In a different era when people possessed considerably longer attention spans, they enjoyed items known as conversation pieces. Kaleidoscopes fell into that category and adults would collect them simply for their fascination and visual beauty.
Held up to the light, kaleidoscopes offer a color show of images through the viewing end. The mirrors inside are set at a 45 degree angle reflecting glittery objects stored at the other end. Changing patterns are created by rotating the tube and watching the objects shift position.
While three mirrors are standard, interestingly, kaleidoscopes can have as few as 2 mirrors and as many as 8. They can also be big or small. At Catskill Corners in New York, you’ll find the largest Kaleidoscope in the world constructed in a silo where viewers wear neck supports to view the mammoth structure.
Kaleidoscopes and their construction vary greatly. Store bought pieces are formed from almost anything, including metal and wood. The containers inside house a variety of materials and liquids. Some kaleidoscopes incorporate both liquid and small objects that will swim around when the tube is turned. Check out children's learning websites online and you'll find them put together with kitchen plastic wrap to contain the shiny objects and rubber bands to hold them onto paper towel tubes.
The kaleidoscope on this page falls somewhere between the Castskill silo and the rubber band version.
What You'll Need For This Project
1.5" mailing tube from Staples
Small, clear, craft container with screw on lid to fit in the tube end (approximately 1 3/8")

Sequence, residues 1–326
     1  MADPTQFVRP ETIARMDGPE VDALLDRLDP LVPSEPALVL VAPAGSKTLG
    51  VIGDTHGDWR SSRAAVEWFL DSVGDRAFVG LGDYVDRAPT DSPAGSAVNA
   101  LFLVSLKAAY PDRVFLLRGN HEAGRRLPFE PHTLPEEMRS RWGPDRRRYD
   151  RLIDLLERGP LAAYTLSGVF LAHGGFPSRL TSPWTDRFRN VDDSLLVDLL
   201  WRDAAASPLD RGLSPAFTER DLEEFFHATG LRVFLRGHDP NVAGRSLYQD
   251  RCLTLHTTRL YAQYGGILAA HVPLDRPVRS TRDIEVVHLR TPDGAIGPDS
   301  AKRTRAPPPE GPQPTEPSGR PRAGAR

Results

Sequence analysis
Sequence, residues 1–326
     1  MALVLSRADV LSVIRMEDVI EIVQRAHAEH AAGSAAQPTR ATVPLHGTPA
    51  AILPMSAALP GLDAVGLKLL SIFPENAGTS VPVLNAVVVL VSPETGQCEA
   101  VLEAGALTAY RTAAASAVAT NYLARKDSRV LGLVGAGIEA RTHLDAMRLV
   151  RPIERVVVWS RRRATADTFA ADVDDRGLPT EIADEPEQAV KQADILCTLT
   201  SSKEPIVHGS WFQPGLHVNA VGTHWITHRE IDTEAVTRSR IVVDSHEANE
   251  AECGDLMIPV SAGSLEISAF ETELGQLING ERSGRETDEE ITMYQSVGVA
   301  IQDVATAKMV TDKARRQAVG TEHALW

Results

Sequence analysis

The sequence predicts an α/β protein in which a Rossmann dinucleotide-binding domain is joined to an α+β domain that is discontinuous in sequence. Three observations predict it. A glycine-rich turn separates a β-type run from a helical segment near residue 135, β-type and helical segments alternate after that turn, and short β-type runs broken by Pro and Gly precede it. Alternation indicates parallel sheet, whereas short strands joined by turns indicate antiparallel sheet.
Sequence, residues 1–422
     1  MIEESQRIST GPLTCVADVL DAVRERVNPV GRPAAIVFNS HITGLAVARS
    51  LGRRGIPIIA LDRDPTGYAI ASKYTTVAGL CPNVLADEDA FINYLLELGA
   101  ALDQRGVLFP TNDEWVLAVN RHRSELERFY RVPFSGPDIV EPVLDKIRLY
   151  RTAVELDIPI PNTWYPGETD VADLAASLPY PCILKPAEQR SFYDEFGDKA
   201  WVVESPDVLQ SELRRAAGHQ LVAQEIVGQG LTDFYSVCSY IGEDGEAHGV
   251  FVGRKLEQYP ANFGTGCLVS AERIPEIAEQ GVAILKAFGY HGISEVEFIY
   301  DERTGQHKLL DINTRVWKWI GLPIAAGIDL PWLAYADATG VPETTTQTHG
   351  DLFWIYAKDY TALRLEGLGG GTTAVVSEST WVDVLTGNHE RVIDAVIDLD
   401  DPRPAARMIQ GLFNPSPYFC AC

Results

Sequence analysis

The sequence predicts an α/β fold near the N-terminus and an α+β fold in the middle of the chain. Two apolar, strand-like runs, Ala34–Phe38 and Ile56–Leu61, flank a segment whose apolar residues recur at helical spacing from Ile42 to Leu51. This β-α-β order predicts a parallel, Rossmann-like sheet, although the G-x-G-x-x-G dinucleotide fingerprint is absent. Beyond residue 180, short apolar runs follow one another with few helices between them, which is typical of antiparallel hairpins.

One sheet of Plastic Mirror measuring 9"x 6"
Materials for decorating the tube
Beads, rhinestones and other glittery objects
Sandpaper or fingernail file
1" painters tape
foam or sponge pieces
Constructing The Kaleidoscope
1. Remove both caps from the ends of the tube. Using a craft knife, cut the tube to measure 10" long.
2. The cut end will be uneven and frayed. Smooth and even it out with a fingernail file or sanding paper.
3. The mirrored plastic comes with a film on it to protect it from scratches. Do not remove it yet. Use a craft knife to cut three panels from the plastic each measuring 9" by 1 3/16".
4. Place the panels with mirror sides down on your work surface. Align the long edges together and secure them with tape. Place one more length of tape on one side with only half of the tape adhering to the panel.
5. Turn the panels mirror side up and bend them in toward each other along the taped seams.
6. Create a triangle tent by overlapping the free tape edge onto the backside edge of the first folded section. The mirrors will be facing each other inside the triangle.
7. Place the mirror tent inside the tube. Cut six pieces of sponge or foam and tuck them against the inner wall of the tube between the panels and the tube wall. Three pieces on each end of the tent will prevent it from moving around when the kaleidoscope is rotated.
8. Remove the lid from the clear plastic craft container. Scuff up the bottom surface using a fingernail file or sanding paper. When you're done and you hold it up to the light it, it should allow light through but not provide a completely clear view.